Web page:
1. This is in form an application under Section 489 of the Criminal Procedure Code by a wife who in the year 1910 obtained an order under Section 488 for maintenance from her husband. She asked for an increased allowance and that is granted, and now the husband has applied to us in the exercise of our revisional powers.
2. The facts we have to deal with are these: The order under Section 488 was made in 1910. In 1912 the husband obtained a decree against his wife for restitution of conjugal rights. That decree was never executed. The wife has never since 1910 lived with her husband and the husband has continued to pay without objection the allowance directed by the Magistrate's order of 1910. Those, as the case is presented to us, are undisputed facts.
3. It seems to me that the decree of 1912 did as a matter of law determine or put an end to the Magistrate's order under Section 488, and for this simple, but to me convincing, reason. The decree for restitution of conjugal lights is a statement by a Court of matrimonial jurisdiction that husband and wife are under an obligation to live together and that the wife has no right to live apart from her husband. The Magistrate's order of 1910 was in law a statement that the wife had a right to live apart from her husband ; but of course, in the nature of things, any order made by a Magistrate in the exercise of the limited powers conferred on Magistrates by Chapter XXXVI of the Criminal Procedure Code, is subject to the orders of civil Courts exercising matrimonial jurisdiction. For it is those latter Courts and they alone, that have the power to say finally what are the legal relations between the husband and the wife. A Magistrate under Chapter VI of the Criminal Procedure Code is granted a very limited power for the sake of convenience and that only. Therefore it seems to me that the wife was not in a position to make a proper application under Section 489, because there was no subsisting order under Section 488. However in all the circum stances of the case we have to come to the conclusion that the Magistrate should treat the application nominally under Section 489 as an application made by the wife under Section 488. The Magistrate should hear any further evidence that may be offered and what arguments are offered and then determine, in the light of the circumstances at or about the date of the application, whether the wife is or is not entitled to an order for maintenance under Section 488, and, if she is, what the amount of that maintenance should be. The proceedings should be returned to the Magistrate for this purpose. We set aside the order which the Magistrate has made.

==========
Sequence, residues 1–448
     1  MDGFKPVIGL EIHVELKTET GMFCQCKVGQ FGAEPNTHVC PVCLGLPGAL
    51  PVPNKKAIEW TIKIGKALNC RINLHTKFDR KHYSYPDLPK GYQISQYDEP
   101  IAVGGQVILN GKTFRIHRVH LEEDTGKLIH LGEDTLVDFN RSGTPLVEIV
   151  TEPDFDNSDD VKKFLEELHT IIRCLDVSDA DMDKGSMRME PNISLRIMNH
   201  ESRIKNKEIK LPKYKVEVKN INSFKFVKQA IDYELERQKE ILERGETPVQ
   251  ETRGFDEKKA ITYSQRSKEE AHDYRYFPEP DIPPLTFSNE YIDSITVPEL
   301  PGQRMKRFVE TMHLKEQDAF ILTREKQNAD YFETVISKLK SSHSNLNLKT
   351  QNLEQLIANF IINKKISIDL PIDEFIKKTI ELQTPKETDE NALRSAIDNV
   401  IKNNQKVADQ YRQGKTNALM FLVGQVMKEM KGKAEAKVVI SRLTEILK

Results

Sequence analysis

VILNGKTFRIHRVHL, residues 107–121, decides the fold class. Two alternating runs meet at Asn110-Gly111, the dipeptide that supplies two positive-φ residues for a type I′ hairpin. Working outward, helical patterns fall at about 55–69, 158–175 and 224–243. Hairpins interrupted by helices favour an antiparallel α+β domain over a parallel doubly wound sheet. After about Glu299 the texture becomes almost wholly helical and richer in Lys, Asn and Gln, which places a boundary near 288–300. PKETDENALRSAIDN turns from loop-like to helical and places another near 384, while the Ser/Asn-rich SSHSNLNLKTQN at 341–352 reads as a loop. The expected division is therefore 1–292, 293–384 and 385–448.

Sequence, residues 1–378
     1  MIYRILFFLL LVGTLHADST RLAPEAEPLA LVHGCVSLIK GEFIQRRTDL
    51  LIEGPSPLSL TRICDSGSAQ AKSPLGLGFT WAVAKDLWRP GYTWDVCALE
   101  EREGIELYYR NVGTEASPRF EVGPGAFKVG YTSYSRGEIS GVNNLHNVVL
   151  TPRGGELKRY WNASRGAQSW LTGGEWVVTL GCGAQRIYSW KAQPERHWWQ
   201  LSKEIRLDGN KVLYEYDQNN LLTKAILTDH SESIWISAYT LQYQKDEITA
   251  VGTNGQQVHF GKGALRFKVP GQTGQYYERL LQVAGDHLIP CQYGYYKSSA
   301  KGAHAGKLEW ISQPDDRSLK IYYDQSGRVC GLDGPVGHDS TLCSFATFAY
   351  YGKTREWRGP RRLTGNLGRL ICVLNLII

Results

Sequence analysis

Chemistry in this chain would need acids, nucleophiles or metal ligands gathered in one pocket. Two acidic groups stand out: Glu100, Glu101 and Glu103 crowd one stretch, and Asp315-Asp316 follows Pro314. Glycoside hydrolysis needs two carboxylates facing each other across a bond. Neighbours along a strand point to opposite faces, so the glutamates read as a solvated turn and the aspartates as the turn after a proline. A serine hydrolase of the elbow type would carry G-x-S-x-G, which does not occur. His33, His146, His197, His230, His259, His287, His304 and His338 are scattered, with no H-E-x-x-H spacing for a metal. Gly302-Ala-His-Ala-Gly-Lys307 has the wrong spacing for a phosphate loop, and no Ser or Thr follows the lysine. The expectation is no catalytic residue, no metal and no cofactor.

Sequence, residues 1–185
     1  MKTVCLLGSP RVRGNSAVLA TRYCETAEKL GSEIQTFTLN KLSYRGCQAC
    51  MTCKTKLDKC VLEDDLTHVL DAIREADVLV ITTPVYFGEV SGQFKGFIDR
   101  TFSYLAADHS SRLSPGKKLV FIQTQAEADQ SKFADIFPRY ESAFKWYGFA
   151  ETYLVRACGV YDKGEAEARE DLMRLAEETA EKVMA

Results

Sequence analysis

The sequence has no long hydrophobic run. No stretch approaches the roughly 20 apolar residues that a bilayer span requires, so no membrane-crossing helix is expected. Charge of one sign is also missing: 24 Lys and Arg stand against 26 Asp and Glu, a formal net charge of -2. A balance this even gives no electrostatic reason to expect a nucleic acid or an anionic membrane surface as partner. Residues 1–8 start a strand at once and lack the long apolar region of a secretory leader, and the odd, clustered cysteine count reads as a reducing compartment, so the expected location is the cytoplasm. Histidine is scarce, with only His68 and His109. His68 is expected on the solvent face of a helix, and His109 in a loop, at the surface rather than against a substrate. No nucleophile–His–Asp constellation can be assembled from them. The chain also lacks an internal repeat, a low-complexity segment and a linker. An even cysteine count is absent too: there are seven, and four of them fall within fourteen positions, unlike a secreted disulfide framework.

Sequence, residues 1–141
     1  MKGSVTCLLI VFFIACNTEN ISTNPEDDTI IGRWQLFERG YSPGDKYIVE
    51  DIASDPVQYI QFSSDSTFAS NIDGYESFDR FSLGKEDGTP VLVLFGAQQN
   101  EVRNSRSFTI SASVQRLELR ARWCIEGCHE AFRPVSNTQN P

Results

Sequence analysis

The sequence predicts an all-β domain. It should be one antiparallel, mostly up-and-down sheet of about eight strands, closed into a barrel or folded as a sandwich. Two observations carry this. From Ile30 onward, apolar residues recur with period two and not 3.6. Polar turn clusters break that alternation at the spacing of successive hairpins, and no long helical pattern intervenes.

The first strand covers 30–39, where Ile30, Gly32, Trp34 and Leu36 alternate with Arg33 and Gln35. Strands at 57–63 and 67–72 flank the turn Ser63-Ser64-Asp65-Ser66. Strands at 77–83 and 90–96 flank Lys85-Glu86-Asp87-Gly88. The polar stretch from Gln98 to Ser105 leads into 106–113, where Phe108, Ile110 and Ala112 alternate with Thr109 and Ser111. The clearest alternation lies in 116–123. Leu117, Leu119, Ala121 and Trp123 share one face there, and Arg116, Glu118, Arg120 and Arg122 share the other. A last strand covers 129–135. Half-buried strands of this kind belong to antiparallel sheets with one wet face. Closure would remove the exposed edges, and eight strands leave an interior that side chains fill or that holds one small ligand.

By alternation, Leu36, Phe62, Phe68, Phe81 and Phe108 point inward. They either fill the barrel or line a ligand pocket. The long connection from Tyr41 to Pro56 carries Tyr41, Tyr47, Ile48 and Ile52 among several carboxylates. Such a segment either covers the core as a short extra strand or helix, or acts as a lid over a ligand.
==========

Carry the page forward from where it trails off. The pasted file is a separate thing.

4. I agree.